Metal Finishing Guide Book

2013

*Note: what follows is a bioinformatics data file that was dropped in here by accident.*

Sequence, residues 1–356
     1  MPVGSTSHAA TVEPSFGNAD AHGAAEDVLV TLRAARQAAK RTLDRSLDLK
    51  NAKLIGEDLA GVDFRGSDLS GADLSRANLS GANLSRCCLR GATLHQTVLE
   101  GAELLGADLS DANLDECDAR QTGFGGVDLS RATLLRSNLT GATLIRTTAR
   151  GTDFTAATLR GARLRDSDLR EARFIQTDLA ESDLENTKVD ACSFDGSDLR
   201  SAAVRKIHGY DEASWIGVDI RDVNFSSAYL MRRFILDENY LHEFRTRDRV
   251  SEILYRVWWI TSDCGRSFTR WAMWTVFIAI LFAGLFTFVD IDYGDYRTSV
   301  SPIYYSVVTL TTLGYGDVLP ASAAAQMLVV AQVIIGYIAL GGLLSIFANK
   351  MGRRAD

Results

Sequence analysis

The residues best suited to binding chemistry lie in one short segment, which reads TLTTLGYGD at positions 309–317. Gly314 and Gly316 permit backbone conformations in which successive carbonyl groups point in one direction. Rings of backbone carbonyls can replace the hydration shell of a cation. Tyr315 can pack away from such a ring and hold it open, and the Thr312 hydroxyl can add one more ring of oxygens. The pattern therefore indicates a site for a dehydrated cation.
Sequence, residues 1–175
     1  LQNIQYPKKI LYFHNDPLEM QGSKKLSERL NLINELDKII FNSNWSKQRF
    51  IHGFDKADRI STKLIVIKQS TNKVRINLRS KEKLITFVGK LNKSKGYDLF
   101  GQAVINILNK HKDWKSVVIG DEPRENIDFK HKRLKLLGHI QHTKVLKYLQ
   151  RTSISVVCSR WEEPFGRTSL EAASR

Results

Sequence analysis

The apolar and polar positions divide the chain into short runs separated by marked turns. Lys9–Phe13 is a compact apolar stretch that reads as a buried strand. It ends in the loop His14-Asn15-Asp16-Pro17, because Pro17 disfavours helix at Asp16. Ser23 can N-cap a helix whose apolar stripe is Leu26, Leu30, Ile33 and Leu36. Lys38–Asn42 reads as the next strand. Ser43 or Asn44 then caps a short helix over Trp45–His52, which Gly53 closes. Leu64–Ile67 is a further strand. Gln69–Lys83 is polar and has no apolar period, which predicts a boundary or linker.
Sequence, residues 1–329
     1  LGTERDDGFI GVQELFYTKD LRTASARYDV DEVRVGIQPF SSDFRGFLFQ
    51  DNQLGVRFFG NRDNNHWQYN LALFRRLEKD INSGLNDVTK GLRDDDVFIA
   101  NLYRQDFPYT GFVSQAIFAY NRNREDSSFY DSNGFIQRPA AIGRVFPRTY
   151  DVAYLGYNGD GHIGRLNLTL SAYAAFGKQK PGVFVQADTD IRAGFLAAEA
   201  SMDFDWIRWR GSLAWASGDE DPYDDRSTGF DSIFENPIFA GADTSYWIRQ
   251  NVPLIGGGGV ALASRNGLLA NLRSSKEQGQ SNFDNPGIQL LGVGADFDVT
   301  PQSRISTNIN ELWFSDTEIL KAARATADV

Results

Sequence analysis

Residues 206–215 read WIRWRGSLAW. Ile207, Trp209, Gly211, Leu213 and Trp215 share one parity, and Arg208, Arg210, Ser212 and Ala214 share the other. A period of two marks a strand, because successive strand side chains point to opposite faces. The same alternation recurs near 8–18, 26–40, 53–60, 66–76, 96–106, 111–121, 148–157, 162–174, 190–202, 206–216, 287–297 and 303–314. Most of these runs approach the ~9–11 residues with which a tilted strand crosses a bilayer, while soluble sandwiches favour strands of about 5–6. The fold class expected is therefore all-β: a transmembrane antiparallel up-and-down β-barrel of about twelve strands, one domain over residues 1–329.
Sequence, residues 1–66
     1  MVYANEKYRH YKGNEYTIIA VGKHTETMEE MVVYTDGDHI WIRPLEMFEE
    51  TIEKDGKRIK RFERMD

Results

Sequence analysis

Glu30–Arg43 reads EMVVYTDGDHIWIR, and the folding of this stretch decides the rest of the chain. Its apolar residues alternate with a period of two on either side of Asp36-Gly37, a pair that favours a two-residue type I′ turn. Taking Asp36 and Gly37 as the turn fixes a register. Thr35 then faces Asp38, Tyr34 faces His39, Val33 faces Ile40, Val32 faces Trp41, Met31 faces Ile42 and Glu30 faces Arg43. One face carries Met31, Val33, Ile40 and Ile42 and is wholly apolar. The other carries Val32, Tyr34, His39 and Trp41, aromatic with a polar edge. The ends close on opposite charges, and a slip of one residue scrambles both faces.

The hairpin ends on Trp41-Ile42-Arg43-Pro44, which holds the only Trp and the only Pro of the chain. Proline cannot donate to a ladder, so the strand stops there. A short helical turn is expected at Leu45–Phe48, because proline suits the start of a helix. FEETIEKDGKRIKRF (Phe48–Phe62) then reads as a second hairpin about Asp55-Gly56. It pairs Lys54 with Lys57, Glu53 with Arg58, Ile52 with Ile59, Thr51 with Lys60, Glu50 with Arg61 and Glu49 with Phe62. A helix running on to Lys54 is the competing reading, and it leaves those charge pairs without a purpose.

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by the duct system, and be returned to the heater. Recirculation duct is fabricated in much the same way as the supply. It is of aluminized metal construction and rectangular in shape. The duct is designed for slightly lower velocities. The velocity in the duct is held at 2,000 fpm and openings are 20 to 25% greater than the supply. It is poor design to count on the recirculation duct for providing any control over the oven environment. The influence of suction pressure is negligible at even short distances from the source. While air naturally moves to the areas of lower pressure, this movement cannot be easily controlled. It is better to place a small amount of recirculation in the hottest part of the oven and let the supply air do the work. EXHAUST SYSTEM Every oven must be exhausted in order to create a negative environment so that air seals can properly operate and to remove the VOCs and other products of the cure from the oven, plus eliminate the build-up of smoke. These requirements exist in all types of curing ovens, whether powder, electrocoat, high solids, or waterborne. Additionally, the exhaust serves the purpose of purging the oven prior to startup. The requirement for purge is to change to enclosure atmosphere four times in a reasonable period of time (20 minutes) prior to ignition. The location of the exhaust is rarely critical because the supply and recirculation systems mix the oven atmosphere so effectively. As long as the exhaust intake does not improperly influence another part of the oven, such as an opening, one location is as good as the next. It is the flexibility of convection curing that keeps it popular with today's finishers. A convection oven properly designed, installed, and put into operation requires little attention relative to pretreatment and application processes. It can run effectively with simple controls, can be combined with other curing methods, and can be operated efficiently. To conserve on factory space, ovens can be elevated, located outside, or on the building roof. This flexibility, not readily available with other applications, will continue to keep direct-fired convection curing the number one choice of general industry. 792

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